August: Trekking in Peru with my favourite humans of all time (my sons)


May to July: Transitions, bodywork and writing under the working title of Becoming Invisible


January to May: MA in Ecology and Spirituality resident teacher at Schumacher College, Devon, UK

“The Anthropocene is no time to set things straight”





In the first months of 2018 I am exploring as researcher-collaborator-teacher the kinds of learning that ensoul, nourish and uproot radically all we may think we know.


I’m resident teacher on the MA in Ecology and Spirituality at Schumacher College, Devon, UK in a long, dark, wintery retreat in the Elmhirst Centre, part of the 13th century Dartington Hall, built of beautiful Devon granite and sitting in the 1000ha magical gardens.


It’s a good time for explorations into the unknown, and there is another MA in Myth and Ecology going on upstairs. Lunches are a hubbub of mythologies, soul, tectonic crashes between religions and spiritualities, and traverse between the depths of decomposition in the alchemical path and uproarious laughter over great food.







5 January to 2 February


This is the core module, and Andy Letcher (seriously this guy has a PhD in Ecology from Oxford, and another PhD in contemporary paganism. Really.)


‘At this moment of profound ecological crisis, many are calling for a fundamental rethink of our attitudes towards the environment. The ecological crisis is, they say, a spiritual crisis.


Our MA programme in Ecology and Spirituality takes this call seriously while providing a critical, intellectual framework for students to think through its implications. What would an ecological spirituality look like? Is there a universal ecological ethic by which we can all abide? What do we mean by spirituality and are our notions as universal and ahistorical as is typically claimed? What are the philosophical and intellectual roots of our ecological crisis? Can Western epistemology offer a solution or does intellectual abstraction always leave us removed from the world? What happens if we take indigenous world views seriously and can we learn to be animists?


This wide-ranging programme draws on theory and thought from a number of disciplines including Ecology, Religious Studies, Anthropology, Philosophy, and the History of Ideas.


Its ultimate aim is to provide students with a transformational programme of study during which they can question old certainties, seek intellectual justification for beliefs and , and discover new ways to align lifestyle with values.’practises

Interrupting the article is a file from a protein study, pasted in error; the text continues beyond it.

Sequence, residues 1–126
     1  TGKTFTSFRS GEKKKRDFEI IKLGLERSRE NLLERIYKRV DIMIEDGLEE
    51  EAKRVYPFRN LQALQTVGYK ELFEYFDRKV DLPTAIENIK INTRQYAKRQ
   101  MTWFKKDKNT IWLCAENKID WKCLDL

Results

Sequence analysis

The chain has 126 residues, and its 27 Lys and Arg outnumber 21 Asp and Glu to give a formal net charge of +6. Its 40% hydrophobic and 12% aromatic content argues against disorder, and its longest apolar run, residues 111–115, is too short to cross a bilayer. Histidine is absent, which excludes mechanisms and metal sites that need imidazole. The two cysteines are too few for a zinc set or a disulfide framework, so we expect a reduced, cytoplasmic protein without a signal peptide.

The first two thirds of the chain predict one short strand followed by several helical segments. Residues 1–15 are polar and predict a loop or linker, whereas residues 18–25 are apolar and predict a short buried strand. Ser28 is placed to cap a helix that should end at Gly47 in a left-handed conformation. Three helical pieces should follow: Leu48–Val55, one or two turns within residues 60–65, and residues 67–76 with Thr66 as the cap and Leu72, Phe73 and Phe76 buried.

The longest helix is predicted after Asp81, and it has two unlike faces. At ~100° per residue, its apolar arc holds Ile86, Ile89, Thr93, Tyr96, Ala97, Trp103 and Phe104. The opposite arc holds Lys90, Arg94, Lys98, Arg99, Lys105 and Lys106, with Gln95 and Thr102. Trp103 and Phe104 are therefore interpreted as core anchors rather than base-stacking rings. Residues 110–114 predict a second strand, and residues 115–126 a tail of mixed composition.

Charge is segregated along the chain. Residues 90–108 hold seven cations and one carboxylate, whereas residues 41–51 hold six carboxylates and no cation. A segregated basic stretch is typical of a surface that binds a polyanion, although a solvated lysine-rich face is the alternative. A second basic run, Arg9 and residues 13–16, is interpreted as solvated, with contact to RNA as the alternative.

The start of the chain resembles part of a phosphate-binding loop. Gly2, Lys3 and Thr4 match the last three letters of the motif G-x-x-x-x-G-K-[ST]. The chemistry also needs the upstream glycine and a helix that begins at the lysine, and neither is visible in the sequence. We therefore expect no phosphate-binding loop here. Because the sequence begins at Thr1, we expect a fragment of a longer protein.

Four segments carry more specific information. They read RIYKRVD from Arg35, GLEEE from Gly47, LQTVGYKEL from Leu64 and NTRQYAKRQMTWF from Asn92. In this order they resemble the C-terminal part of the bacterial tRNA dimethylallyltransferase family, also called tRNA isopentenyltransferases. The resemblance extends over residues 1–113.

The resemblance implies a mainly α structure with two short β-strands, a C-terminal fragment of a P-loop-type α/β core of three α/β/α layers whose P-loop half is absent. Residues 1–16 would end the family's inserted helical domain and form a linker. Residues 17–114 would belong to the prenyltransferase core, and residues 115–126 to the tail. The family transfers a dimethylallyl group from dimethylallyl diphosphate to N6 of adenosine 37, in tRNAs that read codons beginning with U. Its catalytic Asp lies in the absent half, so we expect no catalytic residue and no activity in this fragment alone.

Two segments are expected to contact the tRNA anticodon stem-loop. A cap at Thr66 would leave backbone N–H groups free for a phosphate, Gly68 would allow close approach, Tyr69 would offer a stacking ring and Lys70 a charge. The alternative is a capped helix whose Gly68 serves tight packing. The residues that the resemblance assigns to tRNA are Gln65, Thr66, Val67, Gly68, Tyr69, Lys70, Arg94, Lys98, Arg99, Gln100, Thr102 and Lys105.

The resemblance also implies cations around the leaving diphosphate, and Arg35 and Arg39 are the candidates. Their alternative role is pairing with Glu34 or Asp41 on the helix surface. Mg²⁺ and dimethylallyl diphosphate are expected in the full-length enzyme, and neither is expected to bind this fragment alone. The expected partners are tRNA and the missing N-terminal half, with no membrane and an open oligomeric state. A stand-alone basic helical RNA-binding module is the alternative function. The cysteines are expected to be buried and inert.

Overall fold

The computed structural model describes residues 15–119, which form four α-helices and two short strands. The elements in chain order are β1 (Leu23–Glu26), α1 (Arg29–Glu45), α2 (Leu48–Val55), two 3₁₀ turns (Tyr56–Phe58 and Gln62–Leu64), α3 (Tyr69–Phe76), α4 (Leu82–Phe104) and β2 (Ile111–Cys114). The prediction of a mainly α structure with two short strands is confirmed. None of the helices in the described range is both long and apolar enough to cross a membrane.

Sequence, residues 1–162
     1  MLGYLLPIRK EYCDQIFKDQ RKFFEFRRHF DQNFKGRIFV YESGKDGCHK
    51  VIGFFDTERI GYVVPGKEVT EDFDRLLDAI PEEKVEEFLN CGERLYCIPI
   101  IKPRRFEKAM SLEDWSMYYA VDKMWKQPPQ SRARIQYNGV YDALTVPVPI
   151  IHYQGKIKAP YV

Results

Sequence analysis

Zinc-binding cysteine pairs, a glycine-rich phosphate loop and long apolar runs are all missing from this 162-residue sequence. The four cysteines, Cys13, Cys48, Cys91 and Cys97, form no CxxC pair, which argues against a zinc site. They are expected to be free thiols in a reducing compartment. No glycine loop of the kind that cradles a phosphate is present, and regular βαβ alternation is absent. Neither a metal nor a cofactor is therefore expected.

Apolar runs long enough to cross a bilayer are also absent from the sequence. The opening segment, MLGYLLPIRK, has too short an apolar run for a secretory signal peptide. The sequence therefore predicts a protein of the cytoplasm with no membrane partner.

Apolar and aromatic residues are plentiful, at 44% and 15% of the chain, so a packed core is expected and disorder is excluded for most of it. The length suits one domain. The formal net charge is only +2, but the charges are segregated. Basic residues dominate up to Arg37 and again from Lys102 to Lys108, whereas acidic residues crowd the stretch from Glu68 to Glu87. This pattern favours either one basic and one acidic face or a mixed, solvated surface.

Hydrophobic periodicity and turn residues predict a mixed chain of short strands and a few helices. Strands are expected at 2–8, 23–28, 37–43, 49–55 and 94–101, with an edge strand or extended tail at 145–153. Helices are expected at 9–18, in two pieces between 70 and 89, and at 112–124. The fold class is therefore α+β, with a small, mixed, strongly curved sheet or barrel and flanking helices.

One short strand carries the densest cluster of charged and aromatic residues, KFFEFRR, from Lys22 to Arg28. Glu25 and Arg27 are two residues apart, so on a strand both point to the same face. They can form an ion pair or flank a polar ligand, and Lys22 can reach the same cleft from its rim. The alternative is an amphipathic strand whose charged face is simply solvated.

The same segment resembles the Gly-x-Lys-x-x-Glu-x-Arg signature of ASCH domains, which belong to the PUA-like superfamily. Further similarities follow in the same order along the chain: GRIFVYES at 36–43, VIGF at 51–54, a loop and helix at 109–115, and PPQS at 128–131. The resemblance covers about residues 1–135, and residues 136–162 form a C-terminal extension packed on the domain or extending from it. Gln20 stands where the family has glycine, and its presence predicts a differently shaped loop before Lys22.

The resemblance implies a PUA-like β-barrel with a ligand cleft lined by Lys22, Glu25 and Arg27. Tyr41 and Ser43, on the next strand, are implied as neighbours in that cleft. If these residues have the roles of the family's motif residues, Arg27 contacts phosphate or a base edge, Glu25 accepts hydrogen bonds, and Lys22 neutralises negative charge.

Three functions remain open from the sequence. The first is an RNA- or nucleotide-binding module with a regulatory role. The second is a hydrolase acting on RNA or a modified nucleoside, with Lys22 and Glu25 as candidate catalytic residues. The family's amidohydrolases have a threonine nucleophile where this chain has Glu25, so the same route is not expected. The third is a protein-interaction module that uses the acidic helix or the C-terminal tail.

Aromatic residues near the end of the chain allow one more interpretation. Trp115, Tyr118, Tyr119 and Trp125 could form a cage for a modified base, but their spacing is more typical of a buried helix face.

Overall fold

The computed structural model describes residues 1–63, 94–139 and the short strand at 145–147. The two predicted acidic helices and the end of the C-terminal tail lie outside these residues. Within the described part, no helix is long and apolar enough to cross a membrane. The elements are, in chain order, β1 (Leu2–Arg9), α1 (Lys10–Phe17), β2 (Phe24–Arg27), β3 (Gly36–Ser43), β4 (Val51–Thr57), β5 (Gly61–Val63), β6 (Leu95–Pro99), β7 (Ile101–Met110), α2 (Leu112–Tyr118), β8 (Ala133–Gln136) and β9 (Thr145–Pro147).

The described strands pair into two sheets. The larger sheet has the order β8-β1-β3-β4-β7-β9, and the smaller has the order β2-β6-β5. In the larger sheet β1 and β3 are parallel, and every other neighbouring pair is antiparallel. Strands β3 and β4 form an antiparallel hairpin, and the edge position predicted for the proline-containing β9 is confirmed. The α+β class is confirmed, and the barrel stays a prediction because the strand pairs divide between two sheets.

5 February to 2 March 

Exploring what it means to be human. Who are we in nature? How do we belong? This intensive journey looks at the transitions we make in life, the ways we connect with other than human worlds, evolution of consciousness and how we approach socioecological ethics.


In a world of strident demands, vociferous threats and a seemingly never-ending array of violent exploitations of humans and nature alike, it is unsurprising that our students are on a different search. Tech-savvy, riveted by the contradictions and tensions between science, spirit and empire, our explorers are not fooled by quick fixes. Free from the mindless numbing of disconnected lives, they are deep in dialogues of radically pragmatic philosophy, knowing that engaging at these levels is where the opportunity lies to best influence the vast transitions ahead. 


They want to lead the way to lives of engaged lightness and meaning, wise choices and sound judgement, though they know well the frustrations of sitting in long silence without easy answers. We need navigators like these in our seemingly inexplicable world.

The residential titles are:


  • Ecology and Spirituality

  • Ecological Self

  • Indigeny Today

  • Sacred Activism

  • Western Esotericism (cosmologies, magic)

  • Evolution and Spirituality

And the electives (distance learning):


Heavenly Discourse; Environmental Philosophy; Religion and the Environment; Cosmology, Magic and Divination; Sacred Geography.


These titles are wonderful, and they hide a little the gritty engagement they bring. When I did Fritjof Capra’s first Systems Theory course in the early 90’s eyebrows were raised at concepts like ‘systems theory, complexity, Gaia, deep ecology’. Now, these are part of everyday language. The same too likely with the tectonic shifts within ecology and spirituality.


Searching for reconnection from dislocated lives has many roots.


“At this point in human history, many academics, activists, leaders and thinkers are calling for an urgent reconsideration of the cultural narratives and spiritual values that support our very existence on the planet. In an attempt to divert the current trajectory of ‘progress’ and ‘development’ towards a more sustainable and equitable future, this requires objective and critical thinking about our relationship and connection to the natural world, to the people and communities around us and to the very beliefs and values that drive our individual and collective actions.


This programme in Ecology and Spirituality brings together the theological legacy of academic work at University of Wales Trinity Saint David with the ecological and transformative learning developed to postgraduate level by Schumacher College over 25 years. It explores the role of spirituality, religion, philosophy, science and narrative as the underlying causes, but also the potential solutions, to the systemic ecological crises in which we find ourselves. From different perspectives this programme will track the roots, thought-lines and stories that have caused our modern-day disconnection from the natural world and from each other – and look at ways in which we might make re-connection, in theory and in practice, for ourselves and for others.”

“The times are very urgent. We must slow down.”